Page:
Accountability sends the message that harassment is not tolerated, and that your policy is not just a bunch of words. Employee discipline, if warranted, should be quick and proportionate to the offense. Support supervisors who follow your policy by rewarding them for efforts to prevent and respond to harassment (and correct them if they don’t).
Training’s Good, a Culture Shift is Better
The best training fails without a culture shift. "It’s about the climate," says psychologist Vicki Maglely. “When employees perceived that their company was ethical, their knowledge improved and their attitudes changed as a result of the harassment prevention training... they take it seriously because they think that the organization is taking it seriously.”
Mandatory anti-harassment training arguably raises awareness, but it’s not enough. Some kinds of [sexual harassment] training will only reinforce stereotypes and “portray men as powerful and sexually insatiable and women as vulnerable … [it has this] effect no matter how minimal the training,” according to sociologist Justine Tinkler. Another negative outcome is “identity threat reaction,” in which people think labels, like “victim” and “harasser,” don’t apply to them.
Growing in popularity, bystander training is proactive, teaching those who witness harassment to intervene or stand up for the victim. But will we really? Professor of Sport Management George B. Cunningham says, for example, “people think they will recoil and experience distress when hearing racist comments. But when they actually hear those remarks, they don’t.” Cunningham says people overestimate how upsetting it is to witness harassment, and if we don’t feel distress, we fail to act.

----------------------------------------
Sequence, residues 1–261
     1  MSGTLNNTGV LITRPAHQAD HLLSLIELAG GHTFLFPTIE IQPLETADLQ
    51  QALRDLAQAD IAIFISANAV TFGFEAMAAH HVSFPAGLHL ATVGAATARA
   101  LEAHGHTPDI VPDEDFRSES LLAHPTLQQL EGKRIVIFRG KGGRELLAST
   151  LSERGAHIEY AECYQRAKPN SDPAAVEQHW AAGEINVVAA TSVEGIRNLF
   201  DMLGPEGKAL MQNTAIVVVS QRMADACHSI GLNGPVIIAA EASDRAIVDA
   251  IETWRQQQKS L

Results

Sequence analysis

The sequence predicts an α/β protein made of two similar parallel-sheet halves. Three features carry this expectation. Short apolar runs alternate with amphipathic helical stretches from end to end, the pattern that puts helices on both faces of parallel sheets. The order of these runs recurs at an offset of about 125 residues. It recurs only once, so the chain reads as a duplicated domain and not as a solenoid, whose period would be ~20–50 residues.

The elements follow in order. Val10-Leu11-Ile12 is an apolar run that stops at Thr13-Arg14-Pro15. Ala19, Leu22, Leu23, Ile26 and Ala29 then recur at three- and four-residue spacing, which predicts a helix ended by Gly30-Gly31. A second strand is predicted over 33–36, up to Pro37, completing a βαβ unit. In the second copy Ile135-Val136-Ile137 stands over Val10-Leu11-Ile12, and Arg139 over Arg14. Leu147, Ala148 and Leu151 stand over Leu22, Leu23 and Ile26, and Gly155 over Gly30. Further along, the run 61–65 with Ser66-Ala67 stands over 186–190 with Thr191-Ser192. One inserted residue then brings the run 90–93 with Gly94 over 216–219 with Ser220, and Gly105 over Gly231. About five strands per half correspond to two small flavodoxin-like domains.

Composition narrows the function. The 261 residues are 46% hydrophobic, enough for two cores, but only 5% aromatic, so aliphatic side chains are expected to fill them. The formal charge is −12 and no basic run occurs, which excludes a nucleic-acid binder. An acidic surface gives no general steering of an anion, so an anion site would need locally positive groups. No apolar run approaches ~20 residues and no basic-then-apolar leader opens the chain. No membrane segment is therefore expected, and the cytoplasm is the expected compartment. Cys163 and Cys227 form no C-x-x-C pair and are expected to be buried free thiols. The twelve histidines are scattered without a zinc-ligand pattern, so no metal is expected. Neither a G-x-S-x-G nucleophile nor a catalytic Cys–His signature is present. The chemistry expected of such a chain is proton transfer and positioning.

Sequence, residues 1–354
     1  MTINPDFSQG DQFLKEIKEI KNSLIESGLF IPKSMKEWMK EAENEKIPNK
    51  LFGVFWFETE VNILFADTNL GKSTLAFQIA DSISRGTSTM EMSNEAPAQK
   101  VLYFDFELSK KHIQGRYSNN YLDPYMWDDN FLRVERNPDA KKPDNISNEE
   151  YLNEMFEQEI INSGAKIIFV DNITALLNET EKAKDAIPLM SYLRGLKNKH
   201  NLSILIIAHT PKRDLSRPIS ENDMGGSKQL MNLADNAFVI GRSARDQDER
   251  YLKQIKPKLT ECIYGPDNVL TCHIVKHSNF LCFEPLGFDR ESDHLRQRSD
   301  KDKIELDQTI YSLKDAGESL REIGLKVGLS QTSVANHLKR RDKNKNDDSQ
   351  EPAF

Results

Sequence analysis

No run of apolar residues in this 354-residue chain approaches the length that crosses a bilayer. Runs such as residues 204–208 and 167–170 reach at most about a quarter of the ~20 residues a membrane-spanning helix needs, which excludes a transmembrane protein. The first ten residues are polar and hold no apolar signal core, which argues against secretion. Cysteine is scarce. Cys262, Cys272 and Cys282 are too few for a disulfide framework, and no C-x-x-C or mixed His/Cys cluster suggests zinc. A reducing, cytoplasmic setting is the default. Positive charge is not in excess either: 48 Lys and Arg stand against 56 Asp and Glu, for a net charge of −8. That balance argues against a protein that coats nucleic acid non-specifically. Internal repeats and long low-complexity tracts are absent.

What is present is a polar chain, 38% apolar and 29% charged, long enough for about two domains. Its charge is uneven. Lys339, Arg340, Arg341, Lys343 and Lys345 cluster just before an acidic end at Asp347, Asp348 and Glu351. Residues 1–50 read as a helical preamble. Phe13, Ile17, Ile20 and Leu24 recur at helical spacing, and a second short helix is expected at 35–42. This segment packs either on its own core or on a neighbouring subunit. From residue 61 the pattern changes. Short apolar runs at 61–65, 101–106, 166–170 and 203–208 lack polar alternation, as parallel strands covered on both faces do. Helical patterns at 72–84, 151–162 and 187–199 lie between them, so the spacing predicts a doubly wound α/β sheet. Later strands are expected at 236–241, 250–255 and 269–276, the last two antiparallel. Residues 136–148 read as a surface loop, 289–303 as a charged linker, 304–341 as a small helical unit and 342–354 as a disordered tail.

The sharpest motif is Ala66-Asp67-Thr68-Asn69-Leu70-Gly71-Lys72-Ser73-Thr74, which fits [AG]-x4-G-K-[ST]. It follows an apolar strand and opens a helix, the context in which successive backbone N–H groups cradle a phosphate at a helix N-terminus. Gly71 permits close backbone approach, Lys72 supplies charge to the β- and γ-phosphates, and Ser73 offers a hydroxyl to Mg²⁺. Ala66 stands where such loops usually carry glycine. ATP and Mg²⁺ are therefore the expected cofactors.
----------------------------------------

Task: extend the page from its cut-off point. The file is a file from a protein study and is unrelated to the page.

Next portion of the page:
And then there are employee attitudes. Employment attorney Patricia Wise says “some employees are frustrated to learn that the distinction between acceptable and problematic behavior under the law can depend on how the person on the receiving end feels about the exchange.” For example, a one-off compliment differs from a slew of comments at close-range, but “the response she hears from some men, she says, is, ‘That’s ridiculous. I can never talk to a woman in the workplace again.’” Not the takeaway you want.
Before you abandon training, realize it alone won’t fix the problem. Fighting harassment is about more than avoiding legal liability with mandated training, then hoping it sticks. Common decency says that employees should feel safe and respected at work. But there’s a business case too: An employee who feels safe and trusts management is positively engaged at work and more productive.
According to The Balance, “when an organizational culture is already established, people must unlearn the old values, assumptions and behaviors before they can learn the new ones.” Set goals for respectful, appropriate behavior. Maybe you want employees to draw in coworkers passed over in meetings or to eliminate cross-talk on conference calls. Begin at the top. Executives and management normalize changes when they demonstrate the new behaviors. Their visible buy-in sets the tone for the whole company. Training still plays a role by communicating expectations and practicing new behaviors.
In the end, “you avoid harassment charges when you create the expectation in your workplace that all employees will treat each other with respect, collegiality, fairness, honesty, and integrity,” according to The Balance. It sounds simple enough, but rooting out harassment can be tough. Horizon Payroll Solutions offers HR support and training through HR On-Demand to help you navigate this tricky, and timely, topic. Contact us today for more information.